Retro Review: Manhunter
In 1981, author Thomas Harris wrote the first of a series of novels centered around the brilliant and terrifying Dr. Hannibal Lecter. His book Red Dragon attracted the attention of Hollywood. Given that a movie with a similar title had recently bombed, veteran producer Dino De Laurentiis who bought the film rights changed the title of the ultimate adaptation to Manhunter. While this 1986 film failed to make a blip commercially or critically, and future Hannibal Lecter movies have overshadowed it, Manhunter is still a favorite among many film fans.
Former FBI criminal profiler Will Graham is brought out of retirement by his old boss Jack Crawford. His expertise is needed to stop a serial killer known to law enforcement as “the Tooth Fairy”. Hoping to gain insight into this killer’s world, Graham has to confront the man who retired him to begin with, the psychiatrist turned cannibal Dr. Hannibal Lecktor (nobody seems know why the spelling of his name was changed). With the killer’s actions burrowing into Will’s mind, Lecktor sees this as the perfect opportunity to see how far he can push his adversary. The former psychiatrist opens a chain of communication with Francis Dollarhyde, the deranged man behind murders. As the bodies rise and Graham has to look deeper into the mind of a madman, one has to wonder if he can come back from the dark places he will have to go.
Today director Michael Mann now holds a solid reputation as one of the greats thanks to hits like Heat, the Last of the Mohicans and Collateral. But in 1986, Manhunter was only his second film and he did not have the respect he currently enjoys. That being said he had plenty of skill he puts on display in crafting this moody and stylish thriller. One of the things often talked about in regards to this film is his use of color. When Will Graham is at home with his family blue is predominantly used, whereas the scenes with Francis Dollarhyde are dominated by a sickly pale green. This separates the world of the film for Graham between a place of safety and refuge and places of disease and madness. This makes perfect sense as the protagonist is a man constantly walking a fine line between justice and madness and there are times we as the audience do not know where he will fall. Not only does this creative decision help on a story telling level but to the overall feel of Manhunter. The look combined with a smooth meditative 80’s synth-heavy score truly creates a stylish and moody feel to the flick which is both cool and unnerving at the same time.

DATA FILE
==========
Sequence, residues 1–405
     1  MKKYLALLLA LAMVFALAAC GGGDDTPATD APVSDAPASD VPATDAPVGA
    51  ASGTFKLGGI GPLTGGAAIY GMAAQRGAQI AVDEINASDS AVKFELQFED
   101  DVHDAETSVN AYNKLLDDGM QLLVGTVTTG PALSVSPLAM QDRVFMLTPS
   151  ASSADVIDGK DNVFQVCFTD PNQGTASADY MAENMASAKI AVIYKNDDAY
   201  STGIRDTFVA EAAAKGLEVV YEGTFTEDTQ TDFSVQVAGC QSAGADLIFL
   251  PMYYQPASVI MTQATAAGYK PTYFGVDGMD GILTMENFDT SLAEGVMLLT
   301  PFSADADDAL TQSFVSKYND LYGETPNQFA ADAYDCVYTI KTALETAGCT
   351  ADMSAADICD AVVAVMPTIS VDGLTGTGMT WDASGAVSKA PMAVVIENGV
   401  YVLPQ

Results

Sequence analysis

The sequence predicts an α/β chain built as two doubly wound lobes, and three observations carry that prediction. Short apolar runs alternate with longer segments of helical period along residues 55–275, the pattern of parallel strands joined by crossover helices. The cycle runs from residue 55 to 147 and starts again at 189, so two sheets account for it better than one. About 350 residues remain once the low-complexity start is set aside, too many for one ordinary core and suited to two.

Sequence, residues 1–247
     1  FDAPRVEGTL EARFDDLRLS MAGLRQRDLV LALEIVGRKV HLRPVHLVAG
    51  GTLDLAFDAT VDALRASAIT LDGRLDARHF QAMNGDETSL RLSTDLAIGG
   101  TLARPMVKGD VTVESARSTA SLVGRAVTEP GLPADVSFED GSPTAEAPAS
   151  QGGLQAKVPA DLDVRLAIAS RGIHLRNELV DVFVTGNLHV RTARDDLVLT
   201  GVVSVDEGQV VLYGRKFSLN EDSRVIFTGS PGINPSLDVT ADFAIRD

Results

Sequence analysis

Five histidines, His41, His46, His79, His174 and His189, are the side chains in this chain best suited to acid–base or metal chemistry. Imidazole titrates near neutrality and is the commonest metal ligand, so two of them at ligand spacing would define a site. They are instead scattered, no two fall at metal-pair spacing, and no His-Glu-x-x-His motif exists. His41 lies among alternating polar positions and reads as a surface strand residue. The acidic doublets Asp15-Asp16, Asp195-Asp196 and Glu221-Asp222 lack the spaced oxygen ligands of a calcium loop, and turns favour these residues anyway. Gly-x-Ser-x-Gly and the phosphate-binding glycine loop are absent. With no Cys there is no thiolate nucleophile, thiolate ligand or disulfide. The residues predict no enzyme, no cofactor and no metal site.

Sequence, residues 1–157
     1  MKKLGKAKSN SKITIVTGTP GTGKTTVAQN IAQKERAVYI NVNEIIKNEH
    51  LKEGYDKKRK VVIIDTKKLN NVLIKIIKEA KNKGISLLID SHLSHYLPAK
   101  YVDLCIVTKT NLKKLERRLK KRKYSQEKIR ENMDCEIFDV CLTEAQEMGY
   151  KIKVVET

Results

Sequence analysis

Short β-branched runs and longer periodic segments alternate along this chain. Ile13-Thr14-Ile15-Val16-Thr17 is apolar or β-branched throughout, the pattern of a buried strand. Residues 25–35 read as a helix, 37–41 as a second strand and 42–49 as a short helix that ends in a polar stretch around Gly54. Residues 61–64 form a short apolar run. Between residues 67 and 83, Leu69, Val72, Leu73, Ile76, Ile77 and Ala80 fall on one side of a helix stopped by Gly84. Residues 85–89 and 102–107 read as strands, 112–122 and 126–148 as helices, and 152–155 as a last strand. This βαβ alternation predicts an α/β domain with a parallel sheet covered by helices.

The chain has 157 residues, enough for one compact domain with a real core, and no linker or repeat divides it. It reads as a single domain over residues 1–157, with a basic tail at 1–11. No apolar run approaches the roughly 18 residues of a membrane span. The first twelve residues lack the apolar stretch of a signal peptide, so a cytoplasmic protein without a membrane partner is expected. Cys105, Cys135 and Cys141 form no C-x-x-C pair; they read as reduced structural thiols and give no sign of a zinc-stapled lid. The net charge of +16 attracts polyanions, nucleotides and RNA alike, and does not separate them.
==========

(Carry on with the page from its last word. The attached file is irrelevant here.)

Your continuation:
As good as he may have been, Mann famously did not have the confidence of producers. The powers that be hoped he would bring in Don Johnson from Mann’s hit show Miami Vice, instead he cast William Petersen as the haunted FBI profiler. A number of scenes he saw necessary for the movie were cut out. Luckily Matt, the owner of Black Lodge Video was more than happy to provide the Director’s Cut of Manhunter, so I could get an idea of the full vision intended of this cult classic. We see a film which is more violent and puts more emphasis on the juxtaposition between Will Graham and the killer he is hunting.
What this movie has gone down in history for is of course being the cinematic debut of Hannibal Lecter (or Lecktor as he is known as in this film). Those accustomed to the calculating menace and dark charm from Anthony Hopkins and Mads Mikkelsen will likely be taken aback. In playing this role, Brian Cox took inspiration from real life serial killer Peter Manuel AKA the Beast of Birkenshaw. This brings an element of realism to his performance that no other actor has brought to this role. He is not charming or smooth, Cox’s Lecter does not hide that he is a vile monster. But he is not the primary villain of the film, that honor goes to Francis Dollarhyde AKA the Tooth Fairy. Brought to life by Tom Noonan, who many reading this will know as Frankenstein’s monster from the Monster Squad, he is a man who kills without remorse. As you can guess from this previous role he is a large man which adds an extra bit of intimidation to the character. Driven by the Red Dragon of the painting The Great Red Dragon and the Woman Clothed in Sun, he has no problem with leaving a trail of bodies.
While Manhunter was not a success by any stretch in its 1986 release, it has built a strong cult following. The critics who once dumped on it have in recent years gone back and reevaluated the flick realizing how good it actually was. While it may have been deprived of the box office and critical success the further movies based on Thomas Harris’ works, it has found a niche audience who truly appreciate this moody thriller.